Source: No Jitter
If you are like most people in the communications industry, you will tell me that SIP is used to make telephone calls. Some of you might also mention point-to-point or multiparty video, but in general, most people think of SIP as a way to make some sort of call -- SIP for physical, soft, and mobile telephones and telephone-like devices.
While these are certainly valid uses of SIP, the notion of making calls only scratches the surface of what it can do. I often wonder how different our impressions would be if the inventors of SIP had chosen to pioneer a different use case. Would we still think of it as a replacement for TDM telephony if the first SIP-enabled devices had been electrocardiogram monitors?
If you have been following my articles, you may have picked up that for many years I was a software developer working on SIP endpoints and backend services. During that time, I wrote thousands of lines of Java and C++ code that established and managed SIP calls. However, I also wrote just as many lines that had nothing to do with calling.
For instance, I once worked on a project that used SIP to create a shared whiteboard/drawing space. Think of extending the Microsoft Paint program across the Internet; two people could play with the same drawing canvas at the same time. SIP was used to send commands and graphics coordinates to draw lines, curves, points, and write text.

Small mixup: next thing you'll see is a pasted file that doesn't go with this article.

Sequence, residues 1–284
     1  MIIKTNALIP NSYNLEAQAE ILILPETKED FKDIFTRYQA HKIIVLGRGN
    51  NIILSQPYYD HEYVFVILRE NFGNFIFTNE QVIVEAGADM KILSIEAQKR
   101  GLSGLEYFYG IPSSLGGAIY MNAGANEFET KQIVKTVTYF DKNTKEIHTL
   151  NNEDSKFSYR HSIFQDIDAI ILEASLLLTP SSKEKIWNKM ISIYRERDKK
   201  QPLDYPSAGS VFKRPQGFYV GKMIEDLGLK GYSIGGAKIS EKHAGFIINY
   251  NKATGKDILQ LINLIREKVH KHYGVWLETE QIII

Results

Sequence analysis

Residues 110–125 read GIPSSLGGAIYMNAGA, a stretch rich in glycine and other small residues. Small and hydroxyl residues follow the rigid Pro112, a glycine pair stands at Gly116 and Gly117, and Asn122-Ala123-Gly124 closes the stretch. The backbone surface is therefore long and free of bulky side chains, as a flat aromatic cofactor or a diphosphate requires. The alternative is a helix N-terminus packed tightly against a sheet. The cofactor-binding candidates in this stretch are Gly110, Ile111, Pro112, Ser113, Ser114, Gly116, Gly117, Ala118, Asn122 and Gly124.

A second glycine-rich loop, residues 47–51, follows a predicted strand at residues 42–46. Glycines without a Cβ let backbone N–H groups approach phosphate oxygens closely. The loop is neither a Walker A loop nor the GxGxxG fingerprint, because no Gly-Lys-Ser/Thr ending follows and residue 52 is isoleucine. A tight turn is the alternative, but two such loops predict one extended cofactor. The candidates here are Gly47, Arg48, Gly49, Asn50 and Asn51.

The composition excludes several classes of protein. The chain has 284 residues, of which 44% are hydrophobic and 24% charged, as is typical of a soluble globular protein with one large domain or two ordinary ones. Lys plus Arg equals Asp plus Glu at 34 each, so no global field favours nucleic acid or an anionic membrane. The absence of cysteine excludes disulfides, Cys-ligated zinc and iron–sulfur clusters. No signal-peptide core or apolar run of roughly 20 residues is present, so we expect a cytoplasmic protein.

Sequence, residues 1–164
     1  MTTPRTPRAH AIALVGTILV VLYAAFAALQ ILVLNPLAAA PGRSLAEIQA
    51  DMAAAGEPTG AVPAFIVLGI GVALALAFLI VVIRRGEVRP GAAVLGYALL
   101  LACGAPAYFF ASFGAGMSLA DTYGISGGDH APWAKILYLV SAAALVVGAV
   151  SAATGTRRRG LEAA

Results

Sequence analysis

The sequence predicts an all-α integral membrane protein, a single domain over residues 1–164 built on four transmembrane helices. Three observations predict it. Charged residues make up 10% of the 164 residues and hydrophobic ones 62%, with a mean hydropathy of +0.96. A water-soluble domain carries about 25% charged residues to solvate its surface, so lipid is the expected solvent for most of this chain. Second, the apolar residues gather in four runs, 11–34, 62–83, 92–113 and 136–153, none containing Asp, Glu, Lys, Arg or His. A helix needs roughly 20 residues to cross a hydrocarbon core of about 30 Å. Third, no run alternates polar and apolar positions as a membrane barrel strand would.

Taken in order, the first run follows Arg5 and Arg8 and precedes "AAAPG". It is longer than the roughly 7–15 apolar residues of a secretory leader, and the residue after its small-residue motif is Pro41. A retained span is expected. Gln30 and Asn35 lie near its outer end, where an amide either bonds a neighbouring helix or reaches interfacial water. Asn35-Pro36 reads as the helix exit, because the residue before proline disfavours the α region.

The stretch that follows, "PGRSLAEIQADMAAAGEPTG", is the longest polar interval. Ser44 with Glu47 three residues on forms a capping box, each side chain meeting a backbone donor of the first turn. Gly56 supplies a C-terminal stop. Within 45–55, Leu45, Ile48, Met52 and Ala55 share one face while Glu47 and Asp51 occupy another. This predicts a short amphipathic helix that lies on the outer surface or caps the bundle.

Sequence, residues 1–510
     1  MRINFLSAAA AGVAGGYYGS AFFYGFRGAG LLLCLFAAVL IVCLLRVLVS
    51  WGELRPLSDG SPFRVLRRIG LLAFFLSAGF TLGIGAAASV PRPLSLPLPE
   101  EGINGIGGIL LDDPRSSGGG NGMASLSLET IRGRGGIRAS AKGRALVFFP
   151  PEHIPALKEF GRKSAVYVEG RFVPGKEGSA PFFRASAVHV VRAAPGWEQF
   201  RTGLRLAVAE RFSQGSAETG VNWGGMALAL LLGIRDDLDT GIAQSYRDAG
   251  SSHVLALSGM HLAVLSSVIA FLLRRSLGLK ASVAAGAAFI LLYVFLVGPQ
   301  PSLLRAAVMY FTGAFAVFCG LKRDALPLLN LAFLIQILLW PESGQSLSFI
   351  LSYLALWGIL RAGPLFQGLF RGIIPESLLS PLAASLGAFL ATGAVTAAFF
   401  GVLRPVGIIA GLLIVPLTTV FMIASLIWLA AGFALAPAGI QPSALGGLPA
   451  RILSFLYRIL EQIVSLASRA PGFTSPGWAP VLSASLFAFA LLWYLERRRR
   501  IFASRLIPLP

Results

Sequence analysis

Around the same time, I did something similar for a network chess program. This application used SIP to convey chess moves from one PC to another across a LAN or WAN.
One of my more interesting creations was a method to pass clipboard data between different PCs. A user was able to do a copy (Ctrl+C) on one PC, and another user could paste (Ctrl+V) that data on a different PC. How did that data get from one machine to the other? With SIP, of course.
The point is that SIP can be used for things far beyond dial tone. While it's certainly true that telephony is currently the largest user of SIP, there may come a day when voice traffic has been dwarfed by other forms of media.
About the Author
Director of Vertical IndustriesFollow on Twitter More Content by Andrew Prokop
Andrew Prokop has been heavily involved with SIP and VoIP technologies since the late 1990’s. He holds four United States patents in SIP and was on the team that developed Nortel’s carrier-grade SIP soft switch and SIP-based contact center. His software runs in products from Avaya and Genband. Andrew joined Arrow SI three years ago and through customer engagements, users groups, tradeshows, and webinars has been an evangelist for SIP as a transformational technology for enterprises and their customers. Andrew understands the needs of the enterprise and has the background and skills necessary to assist companies as they drive towards a world of dynamic and immersive communications.